In particular, the German judges take issue with the fact that the CJEU had simply relied on the ECB’s allegations regarding the monetary goal of the measure, its appropriateness and necessity. In view of the judges in Karlsruhe, the ECB would therefore get a "de facto (limited) Kompetenz-Kompetenz", or a power to rule on its own mandate. The German judges also bemoan that the CJEU did not consider the factual effects of the measures, which would be at odds with the court’s own practice in virtually every other area of the law. The CJEU’s decision would mean that the ECB could practically choose the means it considers appropriate, even when they cause minimal advantage but high collateral damage.
The German Constitutional Court thinks that by its decision, the CJEU would have exceeded the mandate under Art 19(1) Treaty on European Union (TEU). It would have deprived itself of the possibility to stop the "gradual erosion" of Member State competences and further weakened the democratic legitimacy of public power exercised through the Eurosystem.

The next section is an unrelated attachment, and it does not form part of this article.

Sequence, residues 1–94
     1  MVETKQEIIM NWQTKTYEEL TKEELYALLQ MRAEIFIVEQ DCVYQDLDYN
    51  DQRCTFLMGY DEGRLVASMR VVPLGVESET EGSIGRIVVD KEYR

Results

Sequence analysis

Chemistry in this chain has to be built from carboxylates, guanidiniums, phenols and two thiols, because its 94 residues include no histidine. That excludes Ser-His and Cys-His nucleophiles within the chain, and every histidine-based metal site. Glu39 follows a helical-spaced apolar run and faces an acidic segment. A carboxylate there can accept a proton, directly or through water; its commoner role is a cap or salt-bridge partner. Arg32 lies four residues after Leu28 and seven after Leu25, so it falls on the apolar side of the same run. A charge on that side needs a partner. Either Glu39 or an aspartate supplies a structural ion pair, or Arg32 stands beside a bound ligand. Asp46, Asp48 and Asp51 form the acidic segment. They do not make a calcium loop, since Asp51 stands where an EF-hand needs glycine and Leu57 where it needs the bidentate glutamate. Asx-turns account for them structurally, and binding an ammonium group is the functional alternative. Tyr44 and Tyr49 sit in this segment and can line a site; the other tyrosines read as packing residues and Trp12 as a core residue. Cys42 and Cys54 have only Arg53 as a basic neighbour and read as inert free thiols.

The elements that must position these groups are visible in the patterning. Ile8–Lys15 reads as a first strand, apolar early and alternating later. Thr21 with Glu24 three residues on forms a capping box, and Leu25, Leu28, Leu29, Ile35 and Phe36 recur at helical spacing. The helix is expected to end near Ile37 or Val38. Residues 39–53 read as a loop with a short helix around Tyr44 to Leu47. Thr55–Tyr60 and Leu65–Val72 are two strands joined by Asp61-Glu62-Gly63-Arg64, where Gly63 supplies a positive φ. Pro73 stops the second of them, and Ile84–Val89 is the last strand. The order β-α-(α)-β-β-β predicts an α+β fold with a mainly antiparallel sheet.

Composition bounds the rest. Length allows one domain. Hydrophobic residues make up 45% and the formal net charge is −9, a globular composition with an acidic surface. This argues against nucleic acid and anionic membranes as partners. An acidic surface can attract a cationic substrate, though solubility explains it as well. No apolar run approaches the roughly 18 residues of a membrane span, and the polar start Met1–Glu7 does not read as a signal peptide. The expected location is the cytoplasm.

As a result of its findings, the German Constitutional Court admonishes the German Parliament and government to "work towards the proportionality analysis by the ECB". How they should achieve this goal is not clear from the decision. Until then, however, the German Central Bank (Bundesbank) is prohibited from further participating in PSPP. This is the strongest interference yet with the functioning of the Eurosystem. The German Constitutional Court has shown its teeth.